“The clawbacks we use are written into our grant contracts with companies,” ECD spokesman Clint Brewer told TNReport. “We are able to do this at the department level without any additional legislation.”
Indeed, Ramsey told TNReport he has confidence in ECD chief Bill Hagerty’s fixes when it comes to clawback measures.
“It is very disappointing that effective safeguards for taxpayers were not included in Bredesen-era deals like Hemlock,” Ramsey said in a statement. “Fortunately, Governor Haslam and Commissioner Hagerty have vastly improved the management of tax dollars by including effective clawback measures and safeguards in projects under their watch. I am confident that taxpayer dollars will be protected going forward.”
Clawbacks could have helped — is legislation needed?
This isn’t the first time “clawbacks” may have helped. Wacker Chemie AG, for example, announced last year that its plant, which produces a key raw material for solar cells, will not open as promised. Officials now say the plant will open mid-2015, about 18 months later than the prior schedule. The operation has received millions of dollars in taxpayer-funded subsidies.
But even if Haslam and Hagerty commit to clawbacks, because those clawbacks are inserted into contracts at the departmental level, could a future governor waltz into the governor’s mansion and start doling out the sweetheart deals once again?
“That’s a very good question,” Rep. Cameron Sexton, R-Crossville, told TNReport. “It’s something we need to talk about and take a look at.”
Sexton suggested that an analysis of incentives going back several administrations could serve to show if clawback legislation was needed.
“Let’s see how big an issue it is,” he said.
Sexton has legislation before the House this year that will provide a more down-home incentive, instead of waving the red cape of big bucks before untested industries.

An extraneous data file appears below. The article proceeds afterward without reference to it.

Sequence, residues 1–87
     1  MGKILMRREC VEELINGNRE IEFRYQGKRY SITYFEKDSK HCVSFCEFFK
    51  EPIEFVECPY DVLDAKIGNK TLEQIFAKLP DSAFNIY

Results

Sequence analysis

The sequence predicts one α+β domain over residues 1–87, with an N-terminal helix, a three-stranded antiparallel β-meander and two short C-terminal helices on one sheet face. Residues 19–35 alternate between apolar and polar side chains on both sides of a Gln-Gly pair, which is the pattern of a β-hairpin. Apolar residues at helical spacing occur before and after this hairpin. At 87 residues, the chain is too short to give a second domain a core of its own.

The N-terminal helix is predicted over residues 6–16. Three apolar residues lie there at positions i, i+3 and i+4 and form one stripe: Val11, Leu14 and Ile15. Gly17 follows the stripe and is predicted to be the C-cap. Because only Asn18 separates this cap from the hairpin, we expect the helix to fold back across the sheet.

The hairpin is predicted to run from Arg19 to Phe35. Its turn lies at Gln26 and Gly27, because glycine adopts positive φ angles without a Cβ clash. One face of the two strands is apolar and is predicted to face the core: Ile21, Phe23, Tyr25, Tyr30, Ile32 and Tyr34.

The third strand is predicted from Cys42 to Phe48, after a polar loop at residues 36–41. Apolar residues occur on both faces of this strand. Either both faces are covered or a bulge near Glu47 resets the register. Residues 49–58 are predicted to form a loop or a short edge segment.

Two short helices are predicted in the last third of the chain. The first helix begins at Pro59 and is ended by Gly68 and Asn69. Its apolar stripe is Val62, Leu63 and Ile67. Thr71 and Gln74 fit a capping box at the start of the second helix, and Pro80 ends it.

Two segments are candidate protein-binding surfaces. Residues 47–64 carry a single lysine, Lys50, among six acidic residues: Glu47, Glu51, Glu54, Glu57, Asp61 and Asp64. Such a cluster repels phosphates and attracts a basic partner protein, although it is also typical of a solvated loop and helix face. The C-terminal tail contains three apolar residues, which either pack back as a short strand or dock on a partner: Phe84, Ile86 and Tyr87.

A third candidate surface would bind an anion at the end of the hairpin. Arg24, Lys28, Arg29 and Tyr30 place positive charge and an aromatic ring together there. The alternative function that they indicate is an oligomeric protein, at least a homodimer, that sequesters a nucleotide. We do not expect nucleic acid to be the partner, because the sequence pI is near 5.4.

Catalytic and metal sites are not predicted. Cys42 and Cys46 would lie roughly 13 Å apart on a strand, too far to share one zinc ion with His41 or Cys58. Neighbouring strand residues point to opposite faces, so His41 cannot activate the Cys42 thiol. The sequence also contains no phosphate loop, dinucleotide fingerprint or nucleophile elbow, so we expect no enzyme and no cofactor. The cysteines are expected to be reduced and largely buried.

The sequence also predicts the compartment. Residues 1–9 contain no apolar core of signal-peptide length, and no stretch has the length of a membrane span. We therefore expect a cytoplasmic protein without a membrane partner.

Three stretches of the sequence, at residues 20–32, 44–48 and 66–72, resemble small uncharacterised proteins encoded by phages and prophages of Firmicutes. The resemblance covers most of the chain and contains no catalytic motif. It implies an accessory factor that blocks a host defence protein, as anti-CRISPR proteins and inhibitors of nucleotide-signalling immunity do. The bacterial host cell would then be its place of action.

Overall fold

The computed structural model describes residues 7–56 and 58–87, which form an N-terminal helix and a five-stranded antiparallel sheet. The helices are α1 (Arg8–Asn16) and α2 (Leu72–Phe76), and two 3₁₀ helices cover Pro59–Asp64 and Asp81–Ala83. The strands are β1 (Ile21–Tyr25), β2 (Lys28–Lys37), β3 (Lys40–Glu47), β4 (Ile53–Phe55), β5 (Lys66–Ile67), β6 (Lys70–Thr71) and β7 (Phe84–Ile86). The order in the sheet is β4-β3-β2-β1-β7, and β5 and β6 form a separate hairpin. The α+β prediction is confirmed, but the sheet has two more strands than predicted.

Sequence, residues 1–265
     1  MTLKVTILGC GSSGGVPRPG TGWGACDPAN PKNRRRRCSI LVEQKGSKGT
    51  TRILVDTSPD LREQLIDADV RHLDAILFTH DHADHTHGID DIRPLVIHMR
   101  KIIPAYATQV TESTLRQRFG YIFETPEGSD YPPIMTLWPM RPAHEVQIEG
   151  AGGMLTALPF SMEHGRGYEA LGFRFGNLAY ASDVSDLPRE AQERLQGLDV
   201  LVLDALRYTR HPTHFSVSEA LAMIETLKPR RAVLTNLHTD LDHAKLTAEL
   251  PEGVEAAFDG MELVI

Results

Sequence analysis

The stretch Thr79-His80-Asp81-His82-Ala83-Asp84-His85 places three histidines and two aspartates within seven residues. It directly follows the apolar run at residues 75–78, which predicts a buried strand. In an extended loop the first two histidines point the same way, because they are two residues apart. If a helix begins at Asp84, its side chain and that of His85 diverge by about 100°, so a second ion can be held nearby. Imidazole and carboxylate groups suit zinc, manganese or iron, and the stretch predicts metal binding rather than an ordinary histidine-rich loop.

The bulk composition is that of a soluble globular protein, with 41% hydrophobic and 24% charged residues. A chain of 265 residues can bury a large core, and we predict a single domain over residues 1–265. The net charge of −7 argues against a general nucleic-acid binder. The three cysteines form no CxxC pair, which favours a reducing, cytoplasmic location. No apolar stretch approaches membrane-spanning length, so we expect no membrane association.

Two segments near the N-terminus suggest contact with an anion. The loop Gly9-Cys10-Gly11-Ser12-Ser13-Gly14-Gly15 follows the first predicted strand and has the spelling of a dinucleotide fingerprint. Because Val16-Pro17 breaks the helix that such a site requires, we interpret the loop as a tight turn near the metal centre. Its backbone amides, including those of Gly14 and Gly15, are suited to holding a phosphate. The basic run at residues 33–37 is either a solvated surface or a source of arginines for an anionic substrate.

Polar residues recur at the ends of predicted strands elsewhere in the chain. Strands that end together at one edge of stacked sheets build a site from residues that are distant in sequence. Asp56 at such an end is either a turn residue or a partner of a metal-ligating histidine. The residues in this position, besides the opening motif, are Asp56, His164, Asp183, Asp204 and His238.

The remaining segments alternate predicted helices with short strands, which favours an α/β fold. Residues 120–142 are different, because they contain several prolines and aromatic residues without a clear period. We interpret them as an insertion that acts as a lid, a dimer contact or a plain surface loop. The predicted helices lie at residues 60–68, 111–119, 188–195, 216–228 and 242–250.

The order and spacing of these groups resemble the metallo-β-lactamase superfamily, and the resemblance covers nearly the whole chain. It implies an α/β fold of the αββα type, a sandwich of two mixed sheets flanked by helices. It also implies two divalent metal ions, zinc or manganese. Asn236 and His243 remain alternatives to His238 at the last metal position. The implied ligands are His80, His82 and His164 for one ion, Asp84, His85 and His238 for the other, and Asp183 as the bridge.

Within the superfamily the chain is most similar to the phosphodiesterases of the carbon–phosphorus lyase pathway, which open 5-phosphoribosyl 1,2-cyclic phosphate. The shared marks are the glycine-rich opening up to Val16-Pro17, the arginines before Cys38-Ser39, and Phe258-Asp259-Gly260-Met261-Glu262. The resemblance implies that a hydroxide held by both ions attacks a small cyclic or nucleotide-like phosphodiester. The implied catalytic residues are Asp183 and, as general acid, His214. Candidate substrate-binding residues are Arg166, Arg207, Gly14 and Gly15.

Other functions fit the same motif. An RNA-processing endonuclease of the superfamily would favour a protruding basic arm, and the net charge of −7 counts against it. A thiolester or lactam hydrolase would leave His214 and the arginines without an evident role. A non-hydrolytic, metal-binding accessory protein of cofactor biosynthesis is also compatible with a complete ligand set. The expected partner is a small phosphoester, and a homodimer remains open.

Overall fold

His plan is to reduce the excise tax on businesses already in the state. Under Sexton’s plan, small business would be the chief beneficiary, with 17,000 businesses in the state paying no excise tax at all if his bill becomes law.
That would, he said, allow small businesses in Tennessee to use their money to grow.
Sexton says he’s not opposed to incentives, but “we give a lot of incentives to new businesses coming into Tennessee. Why can’t we give a little bit of help to small businesses who have been here so many years helping the Tennessee economy grow?”
The big problem: corporate welfare
But beyond incentives and beyond clawbacks, the Beacon Center’s Trey Moore said the problem is simply corporate welfare.
“One of our biggest complaints with the corporate welfare game is not simply ponying up on the front end to land a deal, but that then companies have even more bargaining power to hold local communities hostage,” he said. “We support clawback provisions insofar as they aim to mitigate the risk for taxpayers. But ‘clawbacks’ merely treat the symptoms, not the underlying disease.
“And too often the damage is already done. How much money was the federal government able to claw back from Solyndra?”
MTSU’s Arik says it will be extremely difficult to end state subsidies to attract business. In some cases, those subsidies work. He pointed to the Nissan energy efficiency plant in Smyrna, built, in part, with subsidies.
In a perfect world, he said, there should be no taxpayer-funded subsidies. But states across the country are hungry to attract jobs and are willing to use taxpayer cash as a lure for many industries — and if they aren’t, a neighboring state is.
“Many states are playing this game,” Arik said. “It may not be politically viable not to do it. It’s hard to escape.”
Trent Seibert can be reached at firstname.lastname@example.org, on Twitter(@trentseibert) or at 615-669-9501